Many testing labs and fiber companies abide by AOAC methods, which are constantly being refined according to fiber type as well as form (liquid, powder, etc.). In fact, now that FDA has finally accepted more fiber ingredients in its new, legal fiber definition, Estal posits that AOAC could take “renewed interest” in working on improving methods.
Fiber suppliers can help laboratories pinpoint the target. “It’s using the right method and performing the method correctly,” said Estal. “if you send something for fiber analysis, you actually have to tell the lab that you’re looking for fiber from oligofructose or inulin, or else they will completely digest it, hydrolyze it, and they won’t find the fiber.”
“Testing problems only happen if you don’t know what you’re doing or if you use the wrong method,” he continued. “The methodology takes some practice to get down, so we actually have a list of laboratories in the U.S. and globally that we’ve done round robin testing with, and we’ve come back with results that agree.”
Ideally, everyone-from companies to testing labs to ingredient suppliers and, finally, regulators-will get on the same page regarding the most accurate test methods to use and when. Companies will want to make sure that they can accurately calculate the total fiber content in their products to meet requirements and ensure that results are not artificially lower or higher, lest regulators come knocking for substantiation.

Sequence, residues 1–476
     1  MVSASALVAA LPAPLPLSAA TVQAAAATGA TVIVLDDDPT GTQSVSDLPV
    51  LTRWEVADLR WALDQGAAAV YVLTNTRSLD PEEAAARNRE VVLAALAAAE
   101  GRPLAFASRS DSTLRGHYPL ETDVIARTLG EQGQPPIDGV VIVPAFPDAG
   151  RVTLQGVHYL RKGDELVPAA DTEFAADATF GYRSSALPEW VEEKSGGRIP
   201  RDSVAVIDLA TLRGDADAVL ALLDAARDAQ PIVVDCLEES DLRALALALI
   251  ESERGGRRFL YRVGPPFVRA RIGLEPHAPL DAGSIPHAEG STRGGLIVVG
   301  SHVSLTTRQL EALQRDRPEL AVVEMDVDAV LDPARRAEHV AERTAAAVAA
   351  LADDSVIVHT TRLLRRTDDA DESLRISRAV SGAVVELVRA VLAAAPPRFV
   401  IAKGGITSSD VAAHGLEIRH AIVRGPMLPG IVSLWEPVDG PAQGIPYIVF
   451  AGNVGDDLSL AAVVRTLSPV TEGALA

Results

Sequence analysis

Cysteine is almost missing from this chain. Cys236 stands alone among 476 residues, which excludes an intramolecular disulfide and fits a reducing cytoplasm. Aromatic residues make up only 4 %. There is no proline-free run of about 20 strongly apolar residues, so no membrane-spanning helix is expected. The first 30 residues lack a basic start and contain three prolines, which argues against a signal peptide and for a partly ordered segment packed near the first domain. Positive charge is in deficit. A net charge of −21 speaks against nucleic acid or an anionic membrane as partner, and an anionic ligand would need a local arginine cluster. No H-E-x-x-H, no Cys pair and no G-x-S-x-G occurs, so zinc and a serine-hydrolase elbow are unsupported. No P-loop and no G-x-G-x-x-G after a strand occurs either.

Fiber suppliers also continue to help their customers understand how best to test and who to get assistance from. “It’s not something that a lot of our customers are actually able to do themselves because it does take practice,” Estal said. Also, he said, “it requires some equipment that is not really totally practical for every company to have, and so really the best bet is using a certified outside lab that’s used to doing it on a regular basis.”
De Souza said Tate & Lyle will “analyze samples for our customers, too. Very often, our customers will send us samples with our fibers, or with competitive fibers, and we’ll help them and assist with the analysis.” And, he added, “we’re educating our customers as well on the analytical methods that are being used, for complete transparency, so they know what’s going on.”
“The devil is always in the details,” he concluded. “As we understand and unravel more about the details that become important, then it’s educating our customers on the details that really becomes the big difference.”